President Obama and the Democrats have managed to pass several pieces of legislation in the past two years -- including major packages like health care reform -- but nevertheless face poor approval ratings from voters. For instance, nearly half of voters surveyed nationally in today's preliminary exit polling -- 48 percent -- said health care reform should be repealed.

John Boehner Breaks Down in Victory Speech
Arianna Huffington Wants Obama to Get Real
Google, YouTube Election Day Trends

Democrats have also struggled to mobilize their core supporters this year the way Republicans have. Today's preliminary exit polling shows that African-American voters -- who overwhelmingly support President Obama -- represent 10 percent of voters this year, compared with 13 percent in 2008. Hispanics represent 8 percent of voters this year, and 66 percent are voting Democratic. Additionally, just 9 percent of voters are in between the ages of 18 and 29, compared with 18 percent of voters in 2008. Among those young voters, 58 percent are voting Democratic.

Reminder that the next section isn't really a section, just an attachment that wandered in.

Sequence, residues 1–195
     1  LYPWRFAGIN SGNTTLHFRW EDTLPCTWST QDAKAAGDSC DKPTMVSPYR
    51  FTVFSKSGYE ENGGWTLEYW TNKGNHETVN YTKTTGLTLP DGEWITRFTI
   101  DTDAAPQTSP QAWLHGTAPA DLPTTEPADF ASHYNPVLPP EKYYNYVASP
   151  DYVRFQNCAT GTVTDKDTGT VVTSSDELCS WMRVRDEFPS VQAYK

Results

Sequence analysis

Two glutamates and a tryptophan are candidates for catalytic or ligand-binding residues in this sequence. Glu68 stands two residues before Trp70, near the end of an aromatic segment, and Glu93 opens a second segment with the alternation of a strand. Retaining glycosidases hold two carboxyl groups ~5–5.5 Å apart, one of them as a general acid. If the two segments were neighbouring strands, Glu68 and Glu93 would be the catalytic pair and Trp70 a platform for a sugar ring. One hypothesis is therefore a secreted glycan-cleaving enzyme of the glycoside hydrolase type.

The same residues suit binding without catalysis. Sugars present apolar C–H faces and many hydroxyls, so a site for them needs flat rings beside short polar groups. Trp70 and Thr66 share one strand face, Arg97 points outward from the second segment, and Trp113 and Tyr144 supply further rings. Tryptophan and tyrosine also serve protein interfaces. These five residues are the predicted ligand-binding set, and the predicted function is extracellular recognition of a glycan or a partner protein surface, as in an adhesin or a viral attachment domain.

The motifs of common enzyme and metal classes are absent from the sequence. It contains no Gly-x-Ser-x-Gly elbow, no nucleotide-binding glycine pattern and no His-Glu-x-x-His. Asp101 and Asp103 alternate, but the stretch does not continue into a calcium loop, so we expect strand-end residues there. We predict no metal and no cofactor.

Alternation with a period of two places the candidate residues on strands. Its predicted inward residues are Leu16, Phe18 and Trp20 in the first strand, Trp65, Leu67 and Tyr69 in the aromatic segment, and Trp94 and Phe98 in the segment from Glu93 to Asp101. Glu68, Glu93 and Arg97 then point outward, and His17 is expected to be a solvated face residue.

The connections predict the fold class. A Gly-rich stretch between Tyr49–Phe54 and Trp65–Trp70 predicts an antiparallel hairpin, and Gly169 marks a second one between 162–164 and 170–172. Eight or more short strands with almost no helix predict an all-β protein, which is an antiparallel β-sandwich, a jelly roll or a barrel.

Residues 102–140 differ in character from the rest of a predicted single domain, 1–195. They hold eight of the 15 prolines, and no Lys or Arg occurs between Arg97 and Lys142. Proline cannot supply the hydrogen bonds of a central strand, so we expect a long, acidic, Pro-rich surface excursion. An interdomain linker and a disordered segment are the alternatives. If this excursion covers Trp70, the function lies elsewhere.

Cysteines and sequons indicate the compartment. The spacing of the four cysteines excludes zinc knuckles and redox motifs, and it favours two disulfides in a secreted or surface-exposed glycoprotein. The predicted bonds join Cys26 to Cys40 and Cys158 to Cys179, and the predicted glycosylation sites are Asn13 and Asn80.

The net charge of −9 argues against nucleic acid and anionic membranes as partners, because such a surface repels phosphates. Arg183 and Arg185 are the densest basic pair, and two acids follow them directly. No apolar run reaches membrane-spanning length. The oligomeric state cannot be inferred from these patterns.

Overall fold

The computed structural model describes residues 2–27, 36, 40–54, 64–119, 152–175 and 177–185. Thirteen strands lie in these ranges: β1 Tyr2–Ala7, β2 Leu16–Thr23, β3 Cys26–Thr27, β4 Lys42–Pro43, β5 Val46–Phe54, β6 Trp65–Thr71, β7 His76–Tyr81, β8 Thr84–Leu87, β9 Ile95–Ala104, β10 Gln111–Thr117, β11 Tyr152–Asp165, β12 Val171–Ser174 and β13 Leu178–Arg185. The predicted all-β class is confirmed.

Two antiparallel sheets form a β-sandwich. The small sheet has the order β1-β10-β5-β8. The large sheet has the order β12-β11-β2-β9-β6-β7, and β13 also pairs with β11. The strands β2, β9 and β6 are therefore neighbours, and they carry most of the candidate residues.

Independents make up 28 percent of voters this year, according to the preliminary exit polling, and 56 percent of them are voting Republican. Just 39 percent are voting Democratic. Fifty-five percent of men surveyed are voting Republican, while 43 percent are voting Democratic. Among women, 49 percent are voting Democratic, and 48 percent are voting Republican.

Anxious for results out of Washington, about three in four voters said in a recent CBS News poll they want Republicans and Mr. Obama to compromise with each other. Voters also want a fresh start: As many as 80 percent of likely voters in a recent CBS News poll said that most members of Congress should be replaced with someone new.

A new Congress, however, may just mean stronger ideological divisions. A number of conservative candidates like Paul surged to success by refusing to compromise their political principles and winning the support of groups like the Tea Party. In Kentucky, preliminary exit polling shows that 43 percent of voters were Tea Party supporters, including 24 percent who were strong supporters.

View CBS News In
CBS News App Open
Chrome Safari Continue